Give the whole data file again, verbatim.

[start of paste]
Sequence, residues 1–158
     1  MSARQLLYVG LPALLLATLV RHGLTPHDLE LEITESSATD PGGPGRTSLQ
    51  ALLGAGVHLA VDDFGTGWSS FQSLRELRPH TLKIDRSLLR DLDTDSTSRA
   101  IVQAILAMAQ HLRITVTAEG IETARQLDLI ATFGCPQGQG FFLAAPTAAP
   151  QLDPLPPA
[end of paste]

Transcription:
Sequence, residues 1–158
     1  MSARQLLYVG LPALLLATLV RHGLTPHDLE LEITESSATD PGGPGRTSLQ
    51  ALLGAGVHLA VDDFGTGWSS FQSLRELRPH TLKIDRSLLR DLDTDSTSRA
   101  IVQAILAMAQ HLRITVTAEG IETARQLDLI ATFGCPQGQG FFLAAPTAAP
   151  QLDPLPPA